i have done that faux piped binding, but did just us3 straight of grain.   The first time it was a wall hanging and I didn’t care.  Then I did it on a small quilt that I gave away.  

I've done both pieces as bias, no particular problem as I starch heavily.  Didn't know you weren't supposed to.


From: judyinohio


Here comes Judy in Ohio with her blasphemy.

When a quilt has been over-quilted ("quilted to cardboard") and becomes so stiff with quilting it becomes uncomfortable on the bed. While the quilt is lovely to look at it is not cozy to sleep under because it does not drape over the sleepers.

The over-quilted quilt that is stiff and not cozy is gifted to a young married couple and they are stunned by the quilt's beauty but they put the gift quilt on a shelf in a closet and they never use it. Ergo it never needs laundering. It never gets any stress from daily use or frequent laundering

The quilt and its binding will remain pristine.

Pirate (PIRATE_SR)

From: Pirate (PIRATE_SR)


re: wall hangings ... that is very true and I also subscribe to that thought .. although since I don't tend to overquilt anything (too lazy to stick to it for the required amount of time) that circumstance wouldn't apply to me.   BUT, I completely understand the choice of straight of grain binding for wall hangings.    I just personally like using bias.  :-)

However, I am puzzled by your reply.  The quilt in question isn't going to be over-quilted (I don't think I have ever done that and won't be on this quilt); it isn't going to a young married couple ... in fact, I have no idea who the recipient might be, as I didn't make it with anyone in mind; while it very well *could* be a wall-hanging, it is also a useful size and might indeed be used.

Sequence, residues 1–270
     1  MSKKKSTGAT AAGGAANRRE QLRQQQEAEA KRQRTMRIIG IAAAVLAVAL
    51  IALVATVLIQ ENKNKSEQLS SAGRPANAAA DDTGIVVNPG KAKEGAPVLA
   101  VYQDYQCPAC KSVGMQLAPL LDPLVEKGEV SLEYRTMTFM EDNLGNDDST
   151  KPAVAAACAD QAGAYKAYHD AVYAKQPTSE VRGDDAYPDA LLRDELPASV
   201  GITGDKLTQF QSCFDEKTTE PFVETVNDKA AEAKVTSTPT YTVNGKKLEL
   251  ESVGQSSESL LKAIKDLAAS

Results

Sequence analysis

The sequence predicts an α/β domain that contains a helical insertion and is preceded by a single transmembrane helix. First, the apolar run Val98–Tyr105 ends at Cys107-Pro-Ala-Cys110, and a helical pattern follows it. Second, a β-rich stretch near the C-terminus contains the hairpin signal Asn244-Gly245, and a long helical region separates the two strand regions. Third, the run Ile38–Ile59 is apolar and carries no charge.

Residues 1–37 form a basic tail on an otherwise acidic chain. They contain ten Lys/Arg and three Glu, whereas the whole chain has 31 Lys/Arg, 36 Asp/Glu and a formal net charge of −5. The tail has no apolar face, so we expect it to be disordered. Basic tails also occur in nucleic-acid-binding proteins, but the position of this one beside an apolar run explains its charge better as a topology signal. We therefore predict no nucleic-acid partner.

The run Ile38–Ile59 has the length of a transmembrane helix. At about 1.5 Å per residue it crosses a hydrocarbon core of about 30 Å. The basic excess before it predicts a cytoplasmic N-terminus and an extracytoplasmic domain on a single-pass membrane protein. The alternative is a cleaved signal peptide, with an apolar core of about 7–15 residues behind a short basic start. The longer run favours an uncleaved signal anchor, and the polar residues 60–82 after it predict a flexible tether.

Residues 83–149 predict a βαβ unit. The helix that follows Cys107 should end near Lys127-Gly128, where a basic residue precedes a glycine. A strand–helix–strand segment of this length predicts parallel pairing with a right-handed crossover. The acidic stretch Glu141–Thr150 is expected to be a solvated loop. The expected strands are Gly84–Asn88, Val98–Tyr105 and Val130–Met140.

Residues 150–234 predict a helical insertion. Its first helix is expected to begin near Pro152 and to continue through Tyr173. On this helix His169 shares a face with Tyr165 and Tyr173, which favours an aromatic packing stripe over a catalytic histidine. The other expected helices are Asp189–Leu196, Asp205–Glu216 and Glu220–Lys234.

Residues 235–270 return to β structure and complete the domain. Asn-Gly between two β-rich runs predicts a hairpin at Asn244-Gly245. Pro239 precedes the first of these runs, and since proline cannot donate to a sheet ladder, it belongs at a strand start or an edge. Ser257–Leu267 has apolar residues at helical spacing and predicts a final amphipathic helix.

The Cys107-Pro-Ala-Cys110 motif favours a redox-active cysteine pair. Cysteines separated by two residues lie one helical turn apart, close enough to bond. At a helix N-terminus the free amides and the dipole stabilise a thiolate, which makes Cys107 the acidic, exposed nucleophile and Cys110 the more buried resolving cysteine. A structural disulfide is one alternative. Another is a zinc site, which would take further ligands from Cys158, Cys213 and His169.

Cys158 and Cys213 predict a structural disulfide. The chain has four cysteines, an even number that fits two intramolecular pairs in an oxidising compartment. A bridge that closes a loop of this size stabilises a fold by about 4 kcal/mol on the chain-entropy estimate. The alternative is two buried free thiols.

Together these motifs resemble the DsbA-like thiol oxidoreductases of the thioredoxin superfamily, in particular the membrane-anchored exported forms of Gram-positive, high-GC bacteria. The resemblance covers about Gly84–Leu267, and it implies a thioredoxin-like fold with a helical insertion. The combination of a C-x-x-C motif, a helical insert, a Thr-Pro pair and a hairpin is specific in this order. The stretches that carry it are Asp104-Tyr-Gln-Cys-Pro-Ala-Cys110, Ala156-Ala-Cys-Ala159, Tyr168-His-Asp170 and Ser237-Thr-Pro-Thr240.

I was simply bemoaning my "crisis" in contemplating using straight of grain binding, contrary to my customary preference.  Rather like complaining that my favorite brand of crackers is unavailable and I have to settle for the next choice.  :-)    Not that I haven't ever used straight of grain before .. and very well might again ... but it sure does go against the grain, so to speak.  :-)

You aren't being blasphemous in any sense of the word.  Your scenario is absolutely spot-on and in that circumstance, I would certainly agree that straight of grain binding is a viable choice.   We are in agreement.  :-)


From: judyinohio


I was writing as someone who has never used bias binding because I have never done hand stitching on my quilts. My decades of hand stitching were behind me when I took up quilt making as a new hobby.

Pirate (PIRATE_SR)

From: Pirate (PIRATE_SR)


judyinohio said:

because I have never done hand stitching on my quilts.

ooooh!   I can count on one hand the number of times I've hand-stitched a binding.  It might be the same number of times I've hand-quilted something.   I find it curious that I have oodles of patience for very intricate counted cross-stitch designs, needlepoint, hand embroidery, tatting, smocking, and English Paper Piecing.  I'll do any of those until the cows come home.

But hand quilting?  Oh no.   Never, never ... well, hardly ever.  I greatly admire hand-quilting but it is one skill that I simply choose not to do ... it bores me.  LOL!

The ONLY time I've hand-stitched a binding is when there are scallops on the edge.  You absolutely need to use bias binding for that.  I do machine stitch the bias to the scallops for the first round of stitching but the final edge is hand-stitched.  And that is ONLY because I've not yet figured out how to do a credible job by machine!

The bindings on all of my other quilts are totally machine stitched.  I've never thought the machine stitching on the front of the quilts looked odd because most of my quilts are also machine quilted!   And without any false modesty or claims of bragging, I will say that my machine binding and mitered corners are excellent.  :-)


From: MelRN


If it's do-able, I believe you can/will. I have to say that I'm not as picky about mine. I have done bias binding, but I more often just do straight of grain because it's quicker/easier. I also machine sew it on completely. ¯\_(?)_/¯ I'm a cheat; what can I say?

For me it about how the quilt will be used. If it a wall vs bed or sofa quilt.

I suggest you make a few samples to decide the best way. Fancy bindings really are such a beautiful addition to a quilt.